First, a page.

Why is acid rain harmful?

1 Answer
Apr 13, 2016

It changes the ph of both terrestrial and aquatic ecosystems, thereby putting them at risk of long-term survival.


Animals and plants evolve and adapt to certain ecological niches, including factors like; temperatures, moisture, chemicals and ph or acidic/basic conditions. When these environment conditions are unchanging, the organism thrive and do well.

However, when one or more of these variable start to change quickly (like say ph from acid rain or global climate change), the organisms struggle to stay alive, reproduce and pass on their genes to the next generation. Their numbers will probably drop and they may face extinction if they can't adapt quickly enough.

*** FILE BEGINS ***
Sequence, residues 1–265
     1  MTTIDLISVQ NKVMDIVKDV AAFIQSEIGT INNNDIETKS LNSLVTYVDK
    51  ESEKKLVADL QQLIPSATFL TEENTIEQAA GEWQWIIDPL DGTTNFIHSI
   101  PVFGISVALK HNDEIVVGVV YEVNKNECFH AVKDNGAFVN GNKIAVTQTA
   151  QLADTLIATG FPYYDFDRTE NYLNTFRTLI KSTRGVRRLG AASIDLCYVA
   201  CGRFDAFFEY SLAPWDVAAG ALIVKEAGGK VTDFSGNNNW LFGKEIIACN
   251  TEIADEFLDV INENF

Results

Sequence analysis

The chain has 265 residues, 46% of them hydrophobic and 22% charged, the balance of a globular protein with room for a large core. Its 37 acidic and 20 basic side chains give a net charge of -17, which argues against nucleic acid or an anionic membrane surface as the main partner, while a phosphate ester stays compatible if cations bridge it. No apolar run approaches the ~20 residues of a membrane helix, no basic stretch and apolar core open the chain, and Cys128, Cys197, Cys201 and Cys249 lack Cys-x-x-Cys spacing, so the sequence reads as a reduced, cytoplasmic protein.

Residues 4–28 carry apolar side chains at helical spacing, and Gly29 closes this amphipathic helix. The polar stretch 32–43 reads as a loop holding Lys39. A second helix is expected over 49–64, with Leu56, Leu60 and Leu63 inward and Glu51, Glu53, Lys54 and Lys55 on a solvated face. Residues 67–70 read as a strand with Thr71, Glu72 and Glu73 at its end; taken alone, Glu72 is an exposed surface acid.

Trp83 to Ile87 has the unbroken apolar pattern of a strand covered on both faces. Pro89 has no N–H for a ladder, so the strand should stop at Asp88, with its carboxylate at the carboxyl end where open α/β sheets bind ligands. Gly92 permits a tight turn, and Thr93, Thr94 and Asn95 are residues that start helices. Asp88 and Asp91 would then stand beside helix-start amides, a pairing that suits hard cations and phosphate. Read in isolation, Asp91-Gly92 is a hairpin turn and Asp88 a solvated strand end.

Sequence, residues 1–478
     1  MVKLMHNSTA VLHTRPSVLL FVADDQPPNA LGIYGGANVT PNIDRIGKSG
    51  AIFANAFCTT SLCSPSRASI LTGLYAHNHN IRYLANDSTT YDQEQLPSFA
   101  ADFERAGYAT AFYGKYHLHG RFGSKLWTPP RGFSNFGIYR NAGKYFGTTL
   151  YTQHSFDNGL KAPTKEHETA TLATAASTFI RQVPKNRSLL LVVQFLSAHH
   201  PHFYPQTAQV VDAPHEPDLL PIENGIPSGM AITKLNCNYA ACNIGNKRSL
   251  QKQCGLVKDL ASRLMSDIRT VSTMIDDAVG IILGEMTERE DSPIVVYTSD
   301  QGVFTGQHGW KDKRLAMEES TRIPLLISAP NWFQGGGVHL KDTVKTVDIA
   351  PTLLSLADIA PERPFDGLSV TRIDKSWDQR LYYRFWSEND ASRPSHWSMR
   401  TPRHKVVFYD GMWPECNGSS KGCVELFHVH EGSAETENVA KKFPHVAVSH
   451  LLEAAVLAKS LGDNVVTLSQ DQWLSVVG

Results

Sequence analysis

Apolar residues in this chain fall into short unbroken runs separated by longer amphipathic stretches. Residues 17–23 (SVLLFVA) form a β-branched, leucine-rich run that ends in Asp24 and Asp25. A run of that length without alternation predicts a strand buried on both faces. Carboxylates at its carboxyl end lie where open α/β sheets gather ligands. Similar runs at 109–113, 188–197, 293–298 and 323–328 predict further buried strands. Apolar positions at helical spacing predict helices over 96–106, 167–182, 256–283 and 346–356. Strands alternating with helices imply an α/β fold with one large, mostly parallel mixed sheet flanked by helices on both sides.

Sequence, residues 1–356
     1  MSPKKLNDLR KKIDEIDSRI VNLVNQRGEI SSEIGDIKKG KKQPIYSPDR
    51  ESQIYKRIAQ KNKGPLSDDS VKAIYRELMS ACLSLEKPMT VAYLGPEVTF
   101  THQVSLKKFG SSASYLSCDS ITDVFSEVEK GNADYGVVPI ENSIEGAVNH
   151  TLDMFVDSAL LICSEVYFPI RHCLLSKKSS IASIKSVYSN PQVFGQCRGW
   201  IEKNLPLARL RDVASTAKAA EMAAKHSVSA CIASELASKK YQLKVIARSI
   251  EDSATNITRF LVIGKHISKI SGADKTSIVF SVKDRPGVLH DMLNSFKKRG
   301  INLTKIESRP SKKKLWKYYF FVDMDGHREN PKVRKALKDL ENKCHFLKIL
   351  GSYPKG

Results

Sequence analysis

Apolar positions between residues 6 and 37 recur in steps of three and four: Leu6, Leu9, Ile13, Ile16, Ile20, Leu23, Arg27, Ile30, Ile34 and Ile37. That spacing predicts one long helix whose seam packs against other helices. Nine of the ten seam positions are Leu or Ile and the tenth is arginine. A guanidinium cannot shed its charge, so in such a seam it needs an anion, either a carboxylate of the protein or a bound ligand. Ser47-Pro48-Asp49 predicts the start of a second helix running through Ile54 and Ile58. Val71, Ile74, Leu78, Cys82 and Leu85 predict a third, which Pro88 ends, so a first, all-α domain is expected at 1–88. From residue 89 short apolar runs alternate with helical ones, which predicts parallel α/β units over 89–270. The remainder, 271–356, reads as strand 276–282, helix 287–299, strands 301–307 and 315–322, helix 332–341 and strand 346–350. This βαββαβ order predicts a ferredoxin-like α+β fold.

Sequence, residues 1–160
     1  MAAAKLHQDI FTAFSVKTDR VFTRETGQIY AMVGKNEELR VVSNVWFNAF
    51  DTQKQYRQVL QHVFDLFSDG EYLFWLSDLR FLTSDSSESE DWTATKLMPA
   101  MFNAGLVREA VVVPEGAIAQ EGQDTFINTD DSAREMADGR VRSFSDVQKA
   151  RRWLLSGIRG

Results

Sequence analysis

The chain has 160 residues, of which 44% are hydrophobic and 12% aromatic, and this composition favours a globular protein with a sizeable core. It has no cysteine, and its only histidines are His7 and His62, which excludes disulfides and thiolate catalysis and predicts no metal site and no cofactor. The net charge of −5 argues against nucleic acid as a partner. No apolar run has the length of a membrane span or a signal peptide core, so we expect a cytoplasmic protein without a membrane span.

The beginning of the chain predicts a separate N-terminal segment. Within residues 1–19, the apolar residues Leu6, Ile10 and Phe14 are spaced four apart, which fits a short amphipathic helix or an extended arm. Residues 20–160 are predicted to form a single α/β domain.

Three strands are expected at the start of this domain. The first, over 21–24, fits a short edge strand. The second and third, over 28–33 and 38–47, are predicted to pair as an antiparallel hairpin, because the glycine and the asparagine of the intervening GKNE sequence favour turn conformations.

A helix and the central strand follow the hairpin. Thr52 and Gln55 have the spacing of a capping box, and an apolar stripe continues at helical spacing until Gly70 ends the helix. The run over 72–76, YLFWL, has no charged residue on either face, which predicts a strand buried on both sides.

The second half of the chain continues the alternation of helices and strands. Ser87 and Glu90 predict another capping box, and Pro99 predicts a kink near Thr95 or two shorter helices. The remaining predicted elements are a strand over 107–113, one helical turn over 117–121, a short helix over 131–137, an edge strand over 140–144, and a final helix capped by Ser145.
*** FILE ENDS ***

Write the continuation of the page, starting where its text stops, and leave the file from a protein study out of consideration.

So, for example, a deer in a forest that is undergoing acidification might be able to move to a more pristine forest not affected by acid rain. But for a fish in a small lake, or worse, a pine tree that has no legs to move, both of these organisms have limited ability to adapt to acid rain. Death is the most likely outcome.